Motivating students with the use of technology

Originally published Feb. 28, 2018 in the Times-Republican.

By Nicki Boliver, Contributing Writer

When I last wrote a column for Inside Education, I was teaching physical education at the middle school level. I’m now teaching at the elementary level. Making the switch has forced me to modify my teaching methods from working with seventh and eighth graders, to now working with K-4 students. What a change it has been! However, no matter what level I’m teaching, one question still remains the same — how can I motivate my students to embrace a healthy lifestyle?

Providing an atmosphere that is motivating, positive and one that safely encourages risk-taking, is a challenge physical educators face daily. Using the technology of heart rate monitors has helped me overcome the challenge. Heart rate monitors are empowering students to self-manage and take ownership for their health and well-being through technology. It’s no secret that we all work harder on something we have ownership in. So we began giving students ownership in P.E. through individualized heart rate monitors and it’s had a huge impact on motivation and participation.

motivating students
Nicki Boliver

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Eager students find success by creating individualized PE lessons

Students work harder and more frequently meet class goals when given the freedom to craft and manage their own individualized PE lessons.

“This year students will develop their own workouts based on their activity needs,” said Jeff Miesner, the physical education teacher at Odebolt Arthur Battle Creek Ida Grove High School.

Miesner gauges his student’s effort – and success in meeting regular goals – by the data he gets from the heart rate monitors students wear. Last year he introduced the adidas Zone for IHT Spirit wrist heart rate monitor to his students and has seen a noticeable increase in both exercise ownership and effort. Read More

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Motivated by heart rate monitors, PE students up their effort

Wearing new wrist-based heart rate monitors that track student progress toward daily class goals, Crestview School of Inquiry (West Des Moines, Iowa) physical education students are proving that a little motivation can last a lifetime.

“It’s a really strong motivator and it’s something that pushes the students,” said Crestview PE teacher Chris Amundson. “It becomes an internal motivation, an intrinsic motivation.”

Crestview is part of a West Des Moines Public Schools initiative to introduce the adidas Zone for IHT Spirit wrist heart rate monitors and the IHT Spirit System Assessment Measures software platform in classes this year. Students began wearing the heart rate monitors regularly in August, and Amundson said students now look forward to working hard in PE class.

“Students are loving the Zones,” Amundson said on Jan. 17. “They get mad at me if they come in the gym and the Zones aren’t set up and ready for them to use. They are mad that they have to go and do something else first before they can put them on. It’s just kind of normal for them to use the Zones.” Read More

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Heart rate monitors help teachers drive home intrinsic habits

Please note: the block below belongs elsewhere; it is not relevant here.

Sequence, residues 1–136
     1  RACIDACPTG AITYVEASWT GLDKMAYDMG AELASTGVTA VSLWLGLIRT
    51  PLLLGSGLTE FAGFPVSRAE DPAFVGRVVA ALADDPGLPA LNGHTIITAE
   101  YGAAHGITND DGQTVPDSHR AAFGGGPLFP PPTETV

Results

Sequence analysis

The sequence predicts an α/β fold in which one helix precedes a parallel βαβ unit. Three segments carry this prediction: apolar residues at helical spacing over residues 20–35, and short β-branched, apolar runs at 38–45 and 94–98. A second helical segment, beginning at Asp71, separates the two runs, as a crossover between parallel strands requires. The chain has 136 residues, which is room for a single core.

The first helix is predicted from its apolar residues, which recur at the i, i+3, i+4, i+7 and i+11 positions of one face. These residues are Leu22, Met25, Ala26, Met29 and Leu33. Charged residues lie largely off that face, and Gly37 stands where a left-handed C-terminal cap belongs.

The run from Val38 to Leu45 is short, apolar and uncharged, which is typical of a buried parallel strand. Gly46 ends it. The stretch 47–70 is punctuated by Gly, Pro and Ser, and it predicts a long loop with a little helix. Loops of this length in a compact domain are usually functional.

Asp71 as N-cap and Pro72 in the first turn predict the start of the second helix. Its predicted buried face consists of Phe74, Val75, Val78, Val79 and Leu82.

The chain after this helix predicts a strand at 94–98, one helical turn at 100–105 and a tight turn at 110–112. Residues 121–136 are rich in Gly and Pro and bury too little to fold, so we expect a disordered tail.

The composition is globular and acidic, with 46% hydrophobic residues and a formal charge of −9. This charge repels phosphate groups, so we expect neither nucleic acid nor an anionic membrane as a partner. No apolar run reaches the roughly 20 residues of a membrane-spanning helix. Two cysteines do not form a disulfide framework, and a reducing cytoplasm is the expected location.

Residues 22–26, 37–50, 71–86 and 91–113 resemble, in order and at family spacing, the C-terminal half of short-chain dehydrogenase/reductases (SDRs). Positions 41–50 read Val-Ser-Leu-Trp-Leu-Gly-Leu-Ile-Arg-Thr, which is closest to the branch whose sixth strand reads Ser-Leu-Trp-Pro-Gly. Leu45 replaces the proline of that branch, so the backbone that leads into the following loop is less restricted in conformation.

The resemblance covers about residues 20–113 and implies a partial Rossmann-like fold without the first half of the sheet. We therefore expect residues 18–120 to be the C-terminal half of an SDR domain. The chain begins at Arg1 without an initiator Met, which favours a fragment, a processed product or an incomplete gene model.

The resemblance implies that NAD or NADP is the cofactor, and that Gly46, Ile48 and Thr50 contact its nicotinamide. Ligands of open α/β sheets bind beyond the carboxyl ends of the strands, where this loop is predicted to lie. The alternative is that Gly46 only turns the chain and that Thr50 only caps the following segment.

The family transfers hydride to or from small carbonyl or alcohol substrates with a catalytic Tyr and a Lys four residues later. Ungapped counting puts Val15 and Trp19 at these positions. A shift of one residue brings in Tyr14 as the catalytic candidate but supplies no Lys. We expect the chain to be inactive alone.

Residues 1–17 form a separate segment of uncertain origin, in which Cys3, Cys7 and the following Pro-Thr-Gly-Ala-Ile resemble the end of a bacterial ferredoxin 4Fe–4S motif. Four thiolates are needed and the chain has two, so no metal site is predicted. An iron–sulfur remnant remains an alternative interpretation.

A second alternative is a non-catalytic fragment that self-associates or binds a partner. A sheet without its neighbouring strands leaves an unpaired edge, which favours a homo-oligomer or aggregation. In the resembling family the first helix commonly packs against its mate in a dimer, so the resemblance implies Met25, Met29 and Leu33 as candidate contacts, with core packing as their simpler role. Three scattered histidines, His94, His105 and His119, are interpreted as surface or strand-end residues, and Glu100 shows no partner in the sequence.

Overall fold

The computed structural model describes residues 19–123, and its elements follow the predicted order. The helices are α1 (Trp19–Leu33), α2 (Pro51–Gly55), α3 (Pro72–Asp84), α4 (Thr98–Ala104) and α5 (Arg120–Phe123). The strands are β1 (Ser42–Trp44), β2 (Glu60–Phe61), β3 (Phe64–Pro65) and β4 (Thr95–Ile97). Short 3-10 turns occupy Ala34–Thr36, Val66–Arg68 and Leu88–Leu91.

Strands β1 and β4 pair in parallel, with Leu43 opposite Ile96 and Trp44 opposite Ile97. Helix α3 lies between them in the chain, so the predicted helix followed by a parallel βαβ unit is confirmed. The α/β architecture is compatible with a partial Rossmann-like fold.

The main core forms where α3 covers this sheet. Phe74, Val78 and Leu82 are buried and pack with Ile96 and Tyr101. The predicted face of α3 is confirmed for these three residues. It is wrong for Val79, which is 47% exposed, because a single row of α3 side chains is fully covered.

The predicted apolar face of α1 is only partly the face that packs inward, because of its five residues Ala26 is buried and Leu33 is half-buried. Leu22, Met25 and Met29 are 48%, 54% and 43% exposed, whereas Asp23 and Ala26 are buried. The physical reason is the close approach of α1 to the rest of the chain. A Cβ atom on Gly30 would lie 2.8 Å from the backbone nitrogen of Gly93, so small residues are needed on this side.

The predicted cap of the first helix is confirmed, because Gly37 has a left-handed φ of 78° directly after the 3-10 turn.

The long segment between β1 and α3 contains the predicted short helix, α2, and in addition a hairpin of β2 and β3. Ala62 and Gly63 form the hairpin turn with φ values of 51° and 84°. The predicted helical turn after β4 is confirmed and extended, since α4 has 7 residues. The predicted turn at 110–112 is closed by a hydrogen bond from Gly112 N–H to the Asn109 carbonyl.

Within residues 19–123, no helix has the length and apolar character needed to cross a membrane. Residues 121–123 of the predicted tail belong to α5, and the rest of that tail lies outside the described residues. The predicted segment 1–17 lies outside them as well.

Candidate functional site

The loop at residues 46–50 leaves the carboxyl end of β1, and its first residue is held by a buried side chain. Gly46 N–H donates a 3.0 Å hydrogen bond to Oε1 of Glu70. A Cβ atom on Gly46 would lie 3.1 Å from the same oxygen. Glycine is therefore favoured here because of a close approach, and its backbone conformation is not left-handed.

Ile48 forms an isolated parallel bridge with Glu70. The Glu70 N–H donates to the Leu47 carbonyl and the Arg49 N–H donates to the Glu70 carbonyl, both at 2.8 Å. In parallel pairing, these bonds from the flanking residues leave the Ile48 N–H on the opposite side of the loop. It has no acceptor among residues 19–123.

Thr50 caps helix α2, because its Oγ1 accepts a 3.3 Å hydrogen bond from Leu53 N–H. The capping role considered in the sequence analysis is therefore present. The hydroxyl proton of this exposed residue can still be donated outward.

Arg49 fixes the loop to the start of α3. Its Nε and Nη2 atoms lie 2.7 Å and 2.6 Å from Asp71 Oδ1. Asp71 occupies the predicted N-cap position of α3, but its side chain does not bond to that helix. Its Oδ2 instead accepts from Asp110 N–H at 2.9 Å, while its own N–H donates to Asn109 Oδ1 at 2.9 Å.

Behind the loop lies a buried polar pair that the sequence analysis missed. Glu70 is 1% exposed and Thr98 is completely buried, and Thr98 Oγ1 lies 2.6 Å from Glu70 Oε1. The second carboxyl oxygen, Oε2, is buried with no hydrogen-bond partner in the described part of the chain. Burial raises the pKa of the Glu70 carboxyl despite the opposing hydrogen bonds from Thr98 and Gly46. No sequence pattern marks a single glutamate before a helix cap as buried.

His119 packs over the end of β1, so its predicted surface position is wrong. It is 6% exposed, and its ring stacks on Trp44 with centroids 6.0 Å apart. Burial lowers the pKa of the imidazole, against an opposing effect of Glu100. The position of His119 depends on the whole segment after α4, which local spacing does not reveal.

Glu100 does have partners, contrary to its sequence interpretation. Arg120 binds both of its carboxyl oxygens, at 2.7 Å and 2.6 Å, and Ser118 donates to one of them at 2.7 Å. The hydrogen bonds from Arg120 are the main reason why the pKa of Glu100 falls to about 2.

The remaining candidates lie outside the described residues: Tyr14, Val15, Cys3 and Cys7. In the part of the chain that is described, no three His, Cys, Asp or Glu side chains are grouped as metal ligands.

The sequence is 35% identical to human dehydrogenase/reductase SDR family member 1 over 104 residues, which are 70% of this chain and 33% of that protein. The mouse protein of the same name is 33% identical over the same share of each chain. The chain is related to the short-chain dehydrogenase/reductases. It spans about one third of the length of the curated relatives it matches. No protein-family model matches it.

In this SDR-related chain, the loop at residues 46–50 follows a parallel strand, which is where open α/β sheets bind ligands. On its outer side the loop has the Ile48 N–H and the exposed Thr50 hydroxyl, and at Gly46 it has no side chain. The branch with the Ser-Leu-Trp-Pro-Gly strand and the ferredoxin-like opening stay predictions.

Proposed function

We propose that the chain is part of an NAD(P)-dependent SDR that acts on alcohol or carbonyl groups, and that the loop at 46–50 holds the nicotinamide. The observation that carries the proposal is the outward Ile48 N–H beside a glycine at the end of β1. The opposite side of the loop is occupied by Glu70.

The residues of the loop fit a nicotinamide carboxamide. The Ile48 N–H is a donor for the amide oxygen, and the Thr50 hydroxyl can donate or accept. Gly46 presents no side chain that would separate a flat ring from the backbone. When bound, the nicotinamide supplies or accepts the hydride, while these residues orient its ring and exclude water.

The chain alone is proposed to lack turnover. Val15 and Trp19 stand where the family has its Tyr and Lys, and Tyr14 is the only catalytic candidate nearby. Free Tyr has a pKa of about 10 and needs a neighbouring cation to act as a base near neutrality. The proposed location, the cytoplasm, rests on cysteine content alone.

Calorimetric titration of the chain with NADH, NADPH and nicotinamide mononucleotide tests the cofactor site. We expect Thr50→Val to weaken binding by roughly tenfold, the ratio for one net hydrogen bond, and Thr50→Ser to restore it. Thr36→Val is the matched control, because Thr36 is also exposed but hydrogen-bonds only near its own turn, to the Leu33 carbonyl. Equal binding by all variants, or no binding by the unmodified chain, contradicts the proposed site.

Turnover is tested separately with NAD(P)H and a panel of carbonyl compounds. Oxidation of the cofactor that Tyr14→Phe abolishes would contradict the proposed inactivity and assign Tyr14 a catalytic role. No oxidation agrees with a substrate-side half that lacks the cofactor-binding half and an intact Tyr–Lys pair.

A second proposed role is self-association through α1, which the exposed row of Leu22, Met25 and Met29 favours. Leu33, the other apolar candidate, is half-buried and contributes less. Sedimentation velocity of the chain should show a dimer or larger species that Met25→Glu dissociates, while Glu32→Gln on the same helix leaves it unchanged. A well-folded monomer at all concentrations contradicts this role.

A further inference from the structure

As wearable devices become more and more prevalent, companies use different metrics to track activity and rate workouts. While steps and calories remain two of the most prevalent focuses in the consumer marketplace, teachers focus on minutes of exercise at an elevated heart rate to develop healthy habits in their students.

“I focus on heart rate,” said Riverton, Wyoming physical education teacher Mike Bradley. “If you get your heart rate up often enough, then you’re helping your overall health and fitness. I can walk 10,000 steps in a day without getting my heart rate up. We have to get our heart rates up for those steps to really benefit us.”

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Teachers work with students to explain the benefit of wearing a heart rate monitor while exercising and understanding what the monitor shows.

The Center For Disease Control recommends that children and adolescents between ages six and 17 should have at least 60 minutes of physical activity each day. Interactive Health Technologies, which teamed with adidas to develop an education-focused heart rate monitor and assessment system, believes that teaching children how to elevate their heart rate during that daily activity is paramount to teaching healthy habits. People of all ages see the biggest health benefit from exercising at an elevated heart rate. Read More

Prescott Junior High PE program stars in documentary

Originally posted May 27, 2017 by The Modesto Bee.


At Prescott Junior High in north Modesto, pull-ups get counted, daily runs get timed, and the results matter – improvement can change your shorts.

While PE for most has wasted away in the shadow of math and reading scores, the Prescott Roadrunners keep a tradition of physical challenges. Hitting tougher and tougher targets for speed, strength and endurance earn kids a progression of colored gym shorts.It was those gym shorts that brought filmmaker Doug Orchard to Prescott, thanks to a chance encounter with alumna Jennifer Barcellos Dyan.

Orchard was midway through his documentary “The Motivation Factor,” on the power PE programs of the 1960s epitomized by La Sierra High School in Carmichael.

 

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